Notes and Comments / Nouvelles brèves - History of Alberta Quilts

Notes and Comments / Nouvelles brèves

History of Alberta Quilts

Sandra Morton
Provincial Museum of Alberta

1 A research project was begun in June 1982 to develop an exhibition on the history of Alberta quilts. This project is being undertaken jointly by Sandra Morton, Curator of Social History, Provincial Museum of Alberta, Edmonton, and Elyse Eliot-Los, Curator, Muttart Gallery, Calgary. The exhibition will open at the Muttart Gallery on 11 September 1984, and will travel to various institutions within Alberta, ending at the Provincial Museum of Alberta in June-July 1985. It is hoped that it will continue on a national tour after that time. A bilingual catalogue will accompany the exhibition.

2 The exhibition will consist of approximately thirty quilts, 60 per cent historical and 40 per cent contemporary. As the history of immigration and settlement is so recent in Alberta compared with eastern Canada, quilts made as late as 1950 are being considered historical. The contemporary quilts in the exhibit will consist of both recent quilts done in traditional patterns as well as modern quilts of unique design, fabricated by Alberta artists.

3 An exhibition research grant from the Museum Assistance Programmes of the National Museums of Canada is assisting the documenting and photographing of quilts in the various geographic regions of the province. This phase of the project should be completed by December 1983, after which the quilts will be selected for the exhibition. Research is underway on quilts in several local Alberta museums as well as those in private hands. The various quilters' guilds in the province have assisted in locating many important quilts.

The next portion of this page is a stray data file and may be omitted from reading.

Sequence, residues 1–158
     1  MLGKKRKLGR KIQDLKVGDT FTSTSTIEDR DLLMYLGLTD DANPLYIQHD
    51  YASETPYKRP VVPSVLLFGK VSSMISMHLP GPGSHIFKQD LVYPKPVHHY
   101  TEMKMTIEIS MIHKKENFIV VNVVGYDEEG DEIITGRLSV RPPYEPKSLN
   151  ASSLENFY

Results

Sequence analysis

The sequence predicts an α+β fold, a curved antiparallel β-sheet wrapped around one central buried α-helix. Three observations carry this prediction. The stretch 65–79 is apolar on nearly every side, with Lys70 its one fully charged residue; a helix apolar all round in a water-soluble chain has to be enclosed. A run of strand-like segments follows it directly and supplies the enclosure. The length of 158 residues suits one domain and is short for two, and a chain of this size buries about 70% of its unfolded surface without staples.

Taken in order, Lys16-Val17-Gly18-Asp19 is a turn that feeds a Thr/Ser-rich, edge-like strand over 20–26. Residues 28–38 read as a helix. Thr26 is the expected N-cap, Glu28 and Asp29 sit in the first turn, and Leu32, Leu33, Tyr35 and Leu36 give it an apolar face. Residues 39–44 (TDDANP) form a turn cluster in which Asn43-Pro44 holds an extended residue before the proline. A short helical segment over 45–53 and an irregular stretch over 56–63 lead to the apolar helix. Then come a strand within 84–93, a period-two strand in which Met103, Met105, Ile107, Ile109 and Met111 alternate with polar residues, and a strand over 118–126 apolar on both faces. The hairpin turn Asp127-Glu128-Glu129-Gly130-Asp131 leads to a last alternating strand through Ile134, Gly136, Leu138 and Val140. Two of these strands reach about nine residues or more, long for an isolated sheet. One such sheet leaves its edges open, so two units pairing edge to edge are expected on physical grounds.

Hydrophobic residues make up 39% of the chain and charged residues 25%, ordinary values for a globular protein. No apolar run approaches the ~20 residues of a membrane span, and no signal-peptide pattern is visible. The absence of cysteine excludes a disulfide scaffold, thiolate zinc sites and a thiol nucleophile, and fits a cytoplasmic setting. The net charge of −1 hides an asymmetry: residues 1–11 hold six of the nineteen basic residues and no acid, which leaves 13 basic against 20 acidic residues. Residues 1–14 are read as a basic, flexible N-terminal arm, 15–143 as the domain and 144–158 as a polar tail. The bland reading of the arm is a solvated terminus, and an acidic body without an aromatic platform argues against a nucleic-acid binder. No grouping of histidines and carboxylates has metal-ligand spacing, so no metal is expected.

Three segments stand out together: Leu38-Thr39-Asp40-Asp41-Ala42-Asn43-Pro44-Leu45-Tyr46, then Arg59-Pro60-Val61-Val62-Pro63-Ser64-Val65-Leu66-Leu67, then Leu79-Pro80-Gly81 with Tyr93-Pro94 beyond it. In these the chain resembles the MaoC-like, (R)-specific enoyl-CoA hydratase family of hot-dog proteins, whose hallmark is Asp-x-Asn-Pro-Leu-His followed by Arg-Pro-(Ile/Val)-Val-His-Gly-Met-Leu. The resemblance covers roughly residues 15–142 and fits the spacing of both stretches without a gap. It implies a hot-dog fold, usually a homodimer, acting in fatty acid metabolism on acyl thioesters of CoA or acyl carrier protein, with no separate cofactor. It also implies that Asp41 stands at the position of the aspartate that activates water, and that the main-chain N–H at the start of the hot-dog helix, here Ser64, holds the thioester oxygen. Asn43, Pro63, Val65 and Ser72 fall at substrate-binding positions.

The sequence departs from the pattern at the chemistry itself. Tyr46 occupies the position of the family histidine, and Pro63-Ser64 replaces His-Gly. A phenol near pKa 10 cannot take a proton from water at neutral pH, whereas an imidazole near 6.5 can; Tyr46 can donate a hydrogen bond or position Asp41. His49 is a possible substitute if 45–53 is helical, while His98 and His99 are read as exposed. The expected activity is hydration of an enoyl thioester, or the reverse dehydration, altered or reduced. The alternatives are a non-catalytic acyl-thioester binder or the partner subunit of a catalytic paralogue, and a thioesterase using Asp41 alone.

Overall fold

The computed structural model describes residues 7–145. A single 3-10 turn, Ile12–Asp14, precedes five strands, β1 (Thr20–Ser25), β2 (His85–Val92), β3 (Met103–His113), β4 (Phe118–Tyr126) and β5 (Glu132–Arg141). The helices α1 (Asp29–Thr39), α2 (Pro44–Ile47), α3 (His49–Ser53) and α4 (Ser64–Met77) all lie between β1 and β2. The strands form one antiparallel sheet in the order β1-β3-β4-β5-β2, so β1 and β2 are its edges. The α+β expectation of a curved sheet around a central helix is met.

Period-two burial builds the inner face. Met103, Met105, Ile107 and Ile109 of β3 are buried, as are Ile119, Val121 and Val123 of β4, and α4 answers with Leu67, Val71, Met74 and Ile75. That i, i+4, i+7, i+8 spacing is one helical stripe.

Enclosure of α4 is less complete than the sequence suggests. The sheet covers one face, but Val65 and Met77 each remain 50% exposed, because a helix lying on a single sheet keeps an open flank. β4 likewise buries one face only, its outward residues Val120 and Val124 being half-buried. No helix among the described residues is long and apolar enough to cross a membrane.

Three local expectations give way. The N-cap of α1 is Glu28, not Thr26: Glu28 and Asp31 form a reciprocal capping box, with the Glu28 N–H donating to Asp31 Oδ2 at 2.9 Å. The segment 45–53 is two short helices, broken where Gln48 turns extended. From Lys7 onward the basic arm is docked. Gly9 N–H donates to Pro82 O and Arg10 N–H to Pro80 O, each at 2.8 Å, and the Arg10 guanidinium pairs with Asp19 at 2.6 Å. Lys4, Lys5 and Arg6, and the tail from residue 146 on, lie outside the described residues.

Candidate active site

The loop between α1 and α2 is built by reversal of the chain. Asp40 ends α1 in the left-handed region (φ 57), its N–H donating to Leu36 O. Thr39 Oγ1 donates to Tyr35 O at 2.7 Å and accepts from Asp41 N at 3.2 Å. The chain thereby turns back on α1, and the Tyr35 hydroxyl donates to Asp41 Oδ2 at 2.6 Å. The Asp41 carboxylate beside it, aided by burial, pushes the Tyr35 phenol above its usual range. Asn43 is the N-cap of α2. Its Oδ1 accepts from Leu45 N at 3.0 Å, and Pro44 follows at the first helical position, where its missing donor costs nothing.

4 The earliest Alberta-made quilt located was made from felt pieces traded with the Indians at Fort Edmonton, ca. 1870. Some "crazy quilts" date from the 1870s as well. These were made from men's silk ties, grandma's wedding petticoats, and an assortment of other odd scraps such as silk cigar bands, prize ribbons, labels, and badges. Crazy quilts, a fashion of the Victorian era, were characterized by irregular shapes of luxury fabrics such as silk, satin, velvet and brocade stitched to a heavy cotton foundation. The seams between patches were embellished with elaborate embroidery.

5 An extremely popular pattern dating from the early 1900s to the late 1930s in Alberta was the Signature Quilt. These generally consisted of large squares, often of two alternating colours. These quilts have also been dubbed "Friendship" or "Family" quilts, since they were often composed of embroidered signatures of a family tree, or of schoolgirl classmates. They were sometimes made as fund-raisers for church raffles and other charities, whereby each person paid to have his or her name embroidered on the quilt.

6 Oral histories have revealed that during the 1930s many quilts were made of appliquéd fruit basket or animal motifs. The Depression also heralded quilts made of flour sacks, sugar sacks, unbleached cotton squares, dish towels, and even old policemen's uniforms.

Fig. 1. Signature quilt from private Edmonton collection, ca. 1940.
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(Photo: Ellis Bartkiewicz.)

7 In recent years there has been a revival of quilting traditions, partly due to the invention of the light-weight polyester batting now used as filling, and partly due to the emergence of women fibre artists who are utilizing the quilt as the form of their artistic expression.

Sandra Mordon